“Smoke Ring For My Halo”
Last week, I got the opportunity to see brain researcher Judy Willis speak about, predictably, the brain. Although my own brain wasn’t always at full alert during her presentation, my interest was piqued when she discussed our frontal lobe’s two major needs: pleasure and patterns. When discussing pleasure, she talked about how the brain thrives on dopamine. Whenever we experience something of pleasure (eating, sex, listening to music, completing a sudoku problem) dopamine is released into our system by the hypothalamus (the gland, not the Amazonian Queen).
Willis went on to talk about how cocaine induces an excessive release of dopamine. When a user tries to get the same high a day or so later, it doesn’t occur due to a lack of dopamine in the system (a result of the last foray with cocaine). This is why a junky is likely to up their dosage in order to reach the same high felt prior.
As I listened to her, I couldn’t help but think of my own addiction to music . As a kid in secluded, small town Iowa, one Soundgarden album could appease me for months, but these days I find myself getting two to three albums per week, yearning to revisit that euphoria felt while listening to a truly awe-inspiring album. As a music junky, 2010 was an 8-ball of satisfying albums, providing my brain with an endless dopamine flume ride.
But this year has been different. Just three months in and I’ve already been going through withdrawals. Don’t get me wrong – there have been some great albums within this time period (Destroyer “Kaputt”, PJ Harvey “Let England Shake”, Gang of Four “Content”) but even these albums, with all their admirable qualities, plop into my ears like a drop into an empty well. Plop. With my ears, I discern all the strong attributes of albums such as those just mentioned, but with my heart? Nothing. It seems my brain is going through its own dopamine drought, and despite the constant flow of new music through my ears, it’s been a long time since I felt that exhilaration.
This empty feeling has led me to a heightened level of concern. Had I overdone my obsession with new music? If you live on a diet of steak and lobster, do you enjoy it as much? Can you actually get sick of greatness? Would I ever feel the way I did last year when I first heard “King of the Beach”, “The Suburbs”, and “Teen Dream”? Would I ever feel that excitement again? That rapture?
Yes. Yes, yes, yes , yes, yes! Kurt Vile’s “Smoke Ring for My Halo”, oh you blessed knight in shining armor! Oh you understated assembly of stoner-folk dirges that break the binds of time and space! How I adore you and your enchanting melodies! There is a glorious savior of dopamine after all, and his name is Kurt Vile.
Not only have I fallen head over heals for Vile’s collection of brilliant folk songs, but I can’t remember the last time I fell this hard for an album. In the three weeks I’ve owned it, I’ve listened to it at least 20 times, something I never do anymore with my constant need for the next big thing. But there is something else going on with “Smoke Ring for My Halo” and trying to pinpoint it can be much more difficult than you would think.
On the surface, Vile’s album doesn’t seem like much more than a collection of slow strum-bling and mumblings of a sarcastic, disaffected youth. But this isn’t just some jangly, patch-work of songs; a closer analysis and you’ll quickly see that every song is intricately constructed within a lush, cave-like environ that only magnifies the creaks and buzzing of Vile’s acoustic. While he seems all alone with only the ghosts of his band the Violators hiding in the background, the production hugs his vocals and creates an ambience that is one part groove, and one part melancholy. Much like Neil Young’s “On the Beach” or Bob Dylan’s “Highway 61 Revisited”, each song on “Smoke Ring For My Halo” is distinctly different, yet they all feel to be a part of the same world. It never feels like Vile is giving much effort, but don’t be fooled. This man is wearing his heart on each note captured on this album.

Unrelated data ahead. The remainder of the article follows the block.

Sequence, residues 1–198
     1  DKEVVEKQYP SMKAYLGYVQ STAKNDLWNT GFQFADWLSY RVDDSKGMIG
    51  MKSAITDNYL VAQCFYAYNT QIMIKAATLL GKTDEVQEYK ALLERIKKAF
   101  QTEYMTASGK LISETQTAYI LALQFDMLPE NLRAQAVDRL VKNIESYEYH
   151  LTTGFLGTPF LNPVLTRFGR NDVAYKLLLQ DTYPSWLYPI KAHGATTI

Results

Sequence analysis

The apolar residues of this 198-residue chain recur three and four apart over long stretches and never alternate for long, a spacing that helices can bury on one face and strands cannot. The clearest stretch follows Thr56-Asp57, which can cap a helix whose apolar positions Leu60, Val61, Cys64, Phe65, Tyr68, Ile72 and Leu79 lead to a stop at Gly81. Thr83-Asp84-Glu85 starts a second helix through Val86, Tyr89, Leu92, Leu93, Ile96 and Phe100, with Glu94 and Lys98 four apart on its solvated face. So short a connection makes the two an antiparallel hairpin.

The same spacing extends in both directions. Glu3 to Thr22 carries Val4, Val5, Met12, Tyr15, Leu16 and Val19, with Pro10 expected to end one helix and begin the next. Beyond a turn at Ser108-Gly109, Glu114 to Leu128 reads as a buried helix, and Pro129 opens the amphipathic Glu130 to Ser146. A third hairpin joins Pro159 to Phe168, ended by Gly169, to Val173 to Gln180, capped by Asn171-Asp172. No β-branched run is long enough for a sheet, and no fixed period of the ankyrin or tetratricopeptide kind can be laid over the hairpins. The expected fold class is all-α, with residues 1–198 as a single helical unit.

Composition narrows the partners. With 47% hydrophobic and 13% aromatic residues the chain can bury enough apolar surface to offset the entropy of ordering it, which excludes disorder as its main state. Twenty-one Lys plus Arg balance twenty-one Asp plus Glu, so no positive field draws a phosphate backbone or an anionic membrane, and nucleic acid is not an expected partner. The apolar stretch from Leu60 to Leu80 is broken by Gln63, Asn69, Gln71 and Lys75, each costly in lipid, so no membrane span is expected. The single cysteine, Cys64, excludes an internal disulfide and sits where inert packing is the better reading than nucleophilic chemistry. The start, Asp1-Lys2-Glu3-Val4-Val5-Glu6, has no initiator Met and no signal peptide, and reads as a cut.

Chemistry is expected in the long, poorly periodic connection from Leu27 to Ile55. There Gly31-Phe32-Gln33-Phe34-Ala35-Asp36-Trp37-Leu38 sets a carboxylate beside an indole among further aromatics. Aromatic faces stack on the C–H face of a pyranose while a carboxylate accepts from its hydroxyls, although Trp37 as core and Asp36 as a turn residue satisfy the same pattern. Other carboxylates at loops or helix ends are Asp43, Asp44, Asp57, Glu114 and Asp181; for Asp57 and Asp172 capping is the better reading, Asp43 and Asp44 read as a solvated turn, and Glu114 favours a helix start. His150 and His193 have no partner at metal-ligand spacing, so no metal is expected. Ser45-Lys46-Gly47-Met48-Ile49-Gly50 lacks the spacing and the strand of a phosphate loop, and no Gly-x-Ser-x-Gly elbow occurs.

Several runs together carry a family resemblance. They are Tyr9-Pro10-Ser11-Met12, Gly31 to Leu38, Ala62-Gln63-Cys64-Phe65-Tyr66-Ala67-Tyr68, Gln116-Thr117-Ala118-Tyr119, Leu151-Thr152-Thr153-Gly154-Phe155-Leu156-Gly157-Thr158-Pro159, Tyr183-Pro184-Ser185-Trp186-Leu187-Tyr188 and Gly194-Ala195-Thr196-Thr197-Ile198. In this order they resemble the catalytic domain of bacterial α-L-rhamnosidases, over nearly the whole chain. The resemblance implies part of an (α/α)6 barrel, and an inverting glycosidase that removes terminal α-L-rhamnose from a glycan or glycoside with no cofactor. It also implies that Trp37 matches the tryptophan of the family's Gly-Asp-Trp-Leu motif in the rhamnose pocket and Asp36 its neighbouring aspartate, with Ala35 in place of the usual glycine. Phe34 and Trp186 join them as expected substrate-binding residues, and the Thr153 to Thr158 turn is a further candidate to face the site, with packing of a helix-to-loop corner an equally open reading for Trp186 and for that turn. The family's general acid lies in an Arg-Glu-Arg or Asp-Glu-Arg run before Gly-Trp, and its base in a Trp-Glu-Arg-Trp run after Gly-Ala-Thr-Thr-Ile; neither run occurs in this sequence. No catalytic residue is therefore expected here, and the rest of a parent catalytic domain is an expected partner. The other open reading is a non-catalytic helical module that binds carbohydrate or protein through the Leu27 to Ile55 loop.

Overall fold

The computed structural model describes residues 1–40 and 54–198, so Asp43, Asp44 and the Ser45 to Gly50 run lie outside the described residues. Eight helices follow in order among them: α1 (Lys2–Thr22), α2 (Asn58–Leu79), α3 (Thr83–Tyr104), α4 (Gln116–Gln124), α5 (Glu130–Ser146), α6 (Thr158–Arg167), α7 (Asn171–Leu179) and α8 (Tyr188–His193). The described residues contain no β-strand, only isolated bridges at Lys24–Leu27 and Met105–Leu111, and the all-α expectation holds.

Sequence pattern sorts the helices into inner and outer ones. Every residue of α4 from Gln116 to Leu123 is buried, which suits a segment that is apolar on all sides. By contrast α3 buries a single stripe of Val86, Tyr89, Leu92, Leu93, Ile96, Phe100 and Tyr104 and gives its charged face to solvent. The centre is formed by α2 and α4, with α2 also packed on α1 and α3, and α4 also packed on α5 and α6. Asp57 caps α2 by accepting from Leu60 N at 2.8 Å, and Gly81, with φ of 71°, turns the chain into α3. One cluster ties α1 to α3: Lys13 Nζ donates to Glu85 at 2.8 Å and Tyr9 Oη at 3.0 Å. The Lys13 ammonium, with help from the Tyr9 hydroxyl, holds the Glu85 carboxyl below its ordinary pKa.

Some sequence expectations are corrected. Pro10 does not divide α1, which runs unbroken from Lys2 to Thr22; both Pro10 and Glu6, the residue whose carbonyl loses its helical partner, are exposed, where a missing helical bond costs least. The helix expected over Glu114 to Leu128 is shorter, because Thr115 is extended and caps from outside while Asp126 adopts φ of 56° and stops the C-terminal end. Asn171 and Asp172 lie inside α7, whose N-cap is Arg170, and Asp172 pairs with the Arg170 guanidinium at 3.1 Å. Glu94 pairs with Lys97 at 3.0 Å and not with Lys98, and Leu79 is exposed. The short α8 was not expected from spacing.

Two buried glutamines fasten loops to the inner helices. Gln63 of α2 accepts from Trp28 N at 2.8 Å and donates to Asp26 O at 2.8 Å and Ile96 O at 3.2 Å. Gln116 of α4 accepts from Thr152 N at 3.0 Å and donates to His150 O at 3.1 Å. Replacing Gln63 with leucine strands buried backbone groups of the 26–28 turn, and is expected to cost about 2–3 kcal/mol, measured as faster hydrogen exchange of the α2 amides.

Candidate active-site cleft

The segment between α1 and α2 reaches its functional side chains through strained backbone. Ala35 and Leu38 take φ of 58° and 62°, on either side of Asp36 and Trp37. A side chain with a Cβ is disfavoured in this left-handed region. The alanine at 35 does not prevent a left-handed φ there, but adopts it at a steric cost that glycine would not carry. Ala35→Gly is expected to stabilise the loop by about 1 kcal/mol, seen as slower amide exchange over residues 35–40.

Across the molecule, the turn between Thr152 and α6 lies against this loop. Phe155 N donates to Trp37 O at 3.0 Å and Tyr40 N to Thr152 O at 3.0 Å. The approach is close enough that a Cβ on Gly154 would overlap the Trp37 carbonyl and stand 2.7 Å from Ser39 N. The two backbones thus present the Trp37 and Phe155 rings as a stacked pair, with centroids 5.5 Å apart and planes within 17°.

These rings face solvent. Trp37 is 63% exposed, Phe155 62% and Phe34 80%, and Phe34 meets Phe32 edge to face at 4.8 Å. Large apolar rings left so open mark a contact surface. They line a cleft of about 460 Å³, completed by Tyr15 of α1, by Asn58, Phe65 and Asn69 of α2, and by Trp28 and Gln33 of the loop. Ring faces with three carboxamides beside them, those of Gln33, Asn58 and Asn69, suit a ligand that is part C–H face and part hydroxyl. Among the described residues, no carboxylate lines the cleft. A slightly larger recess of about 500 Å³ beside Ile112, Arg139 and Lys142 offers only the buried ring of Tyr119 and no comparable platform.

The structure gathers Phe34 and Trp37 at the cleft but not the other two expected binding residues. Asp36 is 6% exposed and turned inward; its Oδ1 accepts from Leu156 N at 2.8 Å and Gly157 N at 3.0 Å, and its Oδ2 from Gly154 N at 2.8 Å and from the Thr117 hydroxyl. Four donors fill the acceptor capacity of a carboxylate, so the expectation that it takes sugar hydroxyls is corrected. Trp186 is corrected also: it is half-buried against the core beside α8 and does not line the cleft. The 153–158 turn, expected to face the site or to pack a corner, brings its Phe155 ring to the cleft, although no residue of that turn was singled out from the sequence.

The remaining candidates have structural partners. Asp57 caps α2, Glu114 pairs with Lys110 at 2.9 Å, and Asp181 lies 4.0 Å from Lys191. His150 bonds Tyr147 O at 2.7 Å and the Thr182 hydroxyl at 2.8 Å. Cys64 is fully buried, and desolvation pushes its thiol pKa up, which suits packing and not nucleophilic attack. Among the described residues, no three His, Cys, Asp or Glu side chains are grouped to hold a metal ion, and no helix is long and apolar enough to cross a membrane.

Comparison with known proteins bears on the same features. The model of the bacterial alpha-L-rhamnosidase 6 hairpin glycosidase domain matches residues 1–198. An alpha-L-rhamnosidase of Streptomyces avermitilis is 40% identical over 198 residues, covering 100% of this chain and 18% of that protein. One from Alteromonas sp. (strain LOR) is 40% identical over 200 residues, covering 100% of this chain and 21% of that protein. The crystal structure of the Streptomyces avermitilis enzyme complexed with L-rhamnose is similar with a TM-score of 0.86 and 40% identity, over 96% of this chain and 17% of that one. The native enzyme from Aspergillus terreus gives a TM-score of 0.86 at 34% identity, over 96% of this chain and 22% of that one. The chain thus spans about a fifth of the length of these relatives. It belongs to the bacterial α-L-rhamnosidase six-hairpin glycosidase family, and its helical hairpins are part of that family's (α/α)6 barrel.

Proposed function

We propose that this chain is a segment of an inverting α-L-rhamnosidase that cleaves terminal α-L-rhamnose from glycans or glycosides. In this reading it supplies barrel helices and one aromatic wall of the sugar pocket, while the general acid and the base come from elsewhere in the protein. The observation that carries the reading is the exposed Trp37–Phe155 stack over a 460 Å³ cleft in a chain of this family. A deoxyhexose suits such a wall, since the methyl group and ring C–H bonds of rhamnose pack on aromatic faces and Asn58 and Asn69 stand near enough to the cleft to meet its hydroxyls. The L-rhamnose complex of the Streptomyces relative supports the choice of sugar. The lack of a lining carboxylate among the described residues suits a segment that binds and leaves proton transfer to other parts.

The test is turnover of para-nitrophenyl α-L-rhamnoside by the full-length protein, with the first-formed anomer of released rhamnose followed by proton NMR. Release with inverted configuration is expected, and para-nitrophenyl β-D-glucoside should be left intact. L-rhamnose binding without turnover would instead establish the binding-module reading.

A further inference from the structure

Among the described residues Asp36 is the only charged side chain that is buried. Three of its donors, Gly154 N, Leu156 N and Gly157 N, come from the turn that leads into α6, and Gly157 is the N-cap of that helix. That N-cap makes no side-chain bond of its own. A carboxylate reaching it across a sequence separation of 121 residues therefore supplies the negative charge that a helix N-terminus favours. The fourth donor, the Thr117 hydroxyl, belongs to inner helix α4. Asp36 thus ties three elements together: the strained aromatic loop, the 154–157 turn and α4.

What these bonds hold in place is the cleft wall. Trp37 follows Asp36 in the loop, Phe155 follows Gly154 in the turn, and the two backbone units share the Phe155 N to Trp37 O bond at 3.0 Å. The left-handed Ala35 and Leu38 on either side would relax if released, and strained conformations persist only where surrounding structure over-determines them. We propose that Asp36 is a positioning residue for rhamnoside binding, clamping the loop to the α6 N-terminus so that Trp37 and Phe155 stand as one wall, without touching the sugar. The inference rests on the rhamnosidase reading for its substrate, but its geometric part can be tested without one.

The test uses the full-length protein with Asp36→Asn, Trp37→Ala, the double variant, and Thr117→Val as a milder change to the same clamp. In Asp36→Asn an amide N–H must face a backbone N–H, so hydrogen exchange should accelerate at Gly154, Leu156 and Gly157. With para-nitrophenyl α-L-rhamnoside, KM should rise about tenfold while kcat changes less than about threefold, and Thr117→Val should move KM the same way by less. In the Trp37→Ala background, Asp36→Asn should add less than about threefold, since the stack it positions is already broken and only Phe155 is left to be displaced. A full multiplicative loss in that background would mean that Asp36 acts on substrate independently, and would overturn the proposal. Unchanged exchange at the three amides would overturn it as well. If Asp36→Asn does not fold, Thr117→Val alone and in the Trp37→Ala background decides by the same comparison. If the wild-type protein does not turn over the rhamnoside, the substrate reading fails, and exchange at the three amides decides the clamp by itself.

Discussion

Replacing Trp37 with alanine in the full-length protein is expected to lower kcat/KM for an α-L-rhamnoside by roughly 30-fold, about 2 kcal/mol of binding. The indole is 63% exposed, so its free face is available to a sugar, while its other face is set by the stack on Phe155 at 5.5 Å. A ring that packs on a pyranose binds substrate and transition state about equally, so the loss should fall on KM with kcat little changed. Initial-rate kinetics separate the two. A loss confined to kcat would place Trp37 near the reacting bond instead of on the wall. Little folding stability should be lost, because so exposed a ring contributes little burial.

Try and tell me a genius song like “Jesus Fever” accidentally came together this perfectly:
Vile’s lyrics also portray this feeling of indifference, but it doesn’t take long to figure out that there is a lot of pain being masked behind his nonchalance. For example, on “Ghost Town” he mumbles: “Raindrops might fall on my head sometimes, but I don’t pay ’em any mind. Then again, I guess it ain’t always that way.” Instead of a message facing adversity with “I will survive”, Vile’s lyrics convey a feeling of simply giving up and continuing his journey of “Sleep walking through a ghost town.” These white flag mantras are throughout the album, whether it be giving up on religion, society, love, or life.
With such a penchant for giving up, I wish Vile could get me to quit listening to his album, at least for a day or so, before I reach the level of overkill. This is one of those albums I want to be able to still enjoy years from now…then again, I don’t think it will hurt to take just one more hit of Vile-infused-dopamine tonight before bed.
If “Ghost Town” doesn’t break your heart, I don’t know what will:
(Side Note: I’m not alone in my inability to quit listening to Vile. In an interview a few years ago, Sonic Youth’s Kim Gordon answered the question of what her guilty pleasure was by saying, “Listening to Kurt Vile’s latest CD,Childish Prodigy. Guilty because I listen to it too much…” It looks like someone needs to buy “Childish Prodigy”.)